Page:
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'This morn is merry June, I trow,
But she shall bloom in winter snow,
He turn'd his charger as he spake,
He gave his bridle-reins a shake,
And adieu for evermore.'
The Two April Mornings
WE walked along, while bright and red
And Matthew stopped, he looked, and said,
A village schoolmaster was he,
And on that morning, through the grass,
And by the steaming rills,
We travelled merrily, to pass
A day among the hills.
'Our work,' said I, 'was well begun ; Then, from thy breast what thought, Beneath so beautiful a sun,
So sad a sigh has brought?'
A second time did Matthew stop;
Upon the eastern mountain-top,
'Yon cloud with that long purple cleft
A day like this which I have left
'And just above yon slope of corn
With rod and line I sued the sport
And, to the church-yard come, stopped short
Nine summers had she scarcely seen,
And then she sang ;-she would have been
• Six feet in earth my Emma lay ;
For so it seemed, than till that day
‹ And, turning from her grave, I met,
A basket on her head she bare;
It was a pure delight!
No fountain from its rocky cave
There came from me a sigh of pain
I looked at her, and looked again,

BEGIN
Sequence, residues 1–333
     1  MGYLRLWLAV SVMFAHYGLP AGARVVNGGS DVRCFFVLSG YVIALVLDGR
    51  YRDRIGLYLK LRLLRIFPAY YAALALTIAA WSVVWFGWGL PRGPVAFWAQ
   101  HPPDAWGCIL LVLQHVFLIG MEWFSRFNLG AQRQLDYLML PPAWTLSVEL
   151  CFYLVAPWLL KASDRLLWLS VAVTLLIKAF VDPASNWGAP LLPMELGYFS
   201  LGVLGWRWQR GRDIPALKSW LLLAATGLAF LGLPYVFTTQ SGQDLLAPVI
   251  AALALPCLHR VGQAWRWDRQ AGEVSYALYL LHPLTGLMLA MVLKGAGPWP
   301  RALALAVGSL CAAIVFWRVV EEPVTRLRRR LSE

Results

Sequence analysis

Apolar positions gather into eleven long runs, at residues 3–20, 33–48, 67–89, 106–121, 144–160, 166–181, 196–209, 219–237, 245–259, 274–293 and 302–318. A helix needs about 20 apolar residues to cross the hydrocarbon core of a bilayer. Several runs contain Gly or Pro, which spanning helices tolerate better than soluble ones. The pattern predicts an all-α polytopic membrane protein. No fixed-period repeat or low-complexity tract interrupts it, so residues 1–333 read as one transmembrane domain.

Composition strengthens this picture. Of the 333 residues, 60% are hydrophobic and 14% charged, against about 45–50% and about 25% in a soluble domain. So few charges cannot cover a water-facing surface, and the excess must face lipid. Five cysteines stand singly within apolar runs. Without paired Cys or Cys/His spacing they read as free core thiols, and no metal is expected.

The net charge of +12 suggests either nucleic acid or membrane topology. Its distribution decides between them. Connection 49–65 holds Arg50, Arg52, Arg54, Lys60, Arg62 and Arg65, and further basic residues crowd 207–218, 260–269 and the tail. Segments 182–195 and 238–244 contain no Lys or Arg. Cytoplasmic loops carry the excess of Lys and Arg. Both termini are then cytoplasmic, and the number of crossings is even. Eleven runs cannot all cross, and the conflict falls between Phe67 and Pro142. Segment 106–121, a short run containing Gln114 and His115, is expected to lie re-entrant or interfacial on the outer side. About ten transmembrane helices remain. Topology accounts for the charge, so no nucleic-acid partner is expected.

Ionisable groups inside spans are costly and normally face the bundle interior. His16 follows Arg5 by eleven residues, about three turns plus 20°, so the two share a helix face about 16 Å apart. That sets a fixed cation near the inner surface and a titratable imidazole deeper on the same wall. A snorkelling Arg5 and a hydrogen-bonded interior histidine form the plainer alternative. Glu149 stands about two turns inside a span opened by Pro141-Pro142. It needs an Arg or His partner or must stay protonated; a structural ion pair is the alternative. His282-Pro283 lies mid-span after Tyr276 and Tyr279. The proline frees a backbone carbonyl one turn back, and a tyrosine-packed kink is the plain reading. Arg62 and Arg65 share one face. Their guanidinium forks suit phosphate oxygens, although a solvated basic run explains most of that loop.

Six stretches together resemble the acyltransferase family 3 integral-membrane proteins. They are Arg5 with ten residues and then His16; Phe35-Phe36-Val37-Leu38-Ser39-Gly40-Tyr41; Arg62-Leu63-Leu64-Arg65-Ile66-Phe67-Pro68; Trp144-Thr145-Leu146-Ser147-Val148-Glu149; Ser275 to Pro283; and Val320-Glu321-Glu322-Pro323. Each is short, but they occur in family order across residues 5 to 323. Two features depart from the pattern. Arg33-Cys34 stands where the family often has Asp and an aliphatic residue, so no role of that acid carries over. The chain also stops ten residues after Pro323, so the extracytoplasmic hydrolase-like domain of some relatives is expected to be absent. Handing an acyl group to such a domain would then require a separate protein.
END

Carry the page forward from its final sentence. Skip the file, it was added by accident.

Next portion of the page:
Matthew is in his grave, yet now,
As at that moment, with a
HELEN, thy beauty is to me
Like those Nicèan barks of yore
On desperate seas long wont to roam,
Lo, in yon brilliant window-niche,
How statue-like I see thee stand, The agate lamp within thy hand! Ah, Psyche, from the regions which Are holy land!
BIRD of the wilderness,
Blithesome and cumberless,
Sweet be thy matin o'er moorland and lea!
Blest is thy dwelling-place-
Wild is thy lay and loud,
Love gives it energy, love gave it birth.
Where art thou journeying?
Thy lay is in heaven, thy love is on earth.
O'er fell and fountain sheen,
O'er moor and mountain green,
Over the rainbow's rim,
Then, when the gloaming comes,
Sweet will thy welcome and bed of love be !
Blest is thy dwelling-place
Oh, to abide in the desert with thee!
FEAR no more the heat o' the sun
Home art gone and ta'en thy wages :
Fear no more the frown o' the great,
To thee the reed is as the oak:
Fear no more the lightning flash,
Nor the all-dreaded thunder-tone; Fear not slander, censure rash ;
Thou hast finish'd joy and moan: All lovers young, all lovers must Consign to thee, and come to dust.
THE dews of summer night did fall;
And many an oak that grew thereby.
Now nought was heard beneath the skies,
Save an unhappy lady's sighs
That issued from that lonely pile.
'Leicester !' she cried, 'is this thy love
'No more thou com'st with lover's speed
I fear, stern Earl, 's the same to thee.
'Not so the usage I received
When happy in my father's hall; No faithless husband then me grieved, No chilling fears did me appal.
'I rose up with the cheerful morn,
No lark more blithe, no flower more gay;
"If that my beauty is but small,
But, Leicester, or I much am wrong, Or 'tis not beauty lures thy vows; Rather, ambition's gilded crown
Makes thee forget thy humble spouse.
Then, Leicester, why, again I plead, The injured surely may repine,— Why didst thou wed a country maid, When some fair Princess might be thine?
Why didst thou praise my humble charms,
'The village maidens of the plain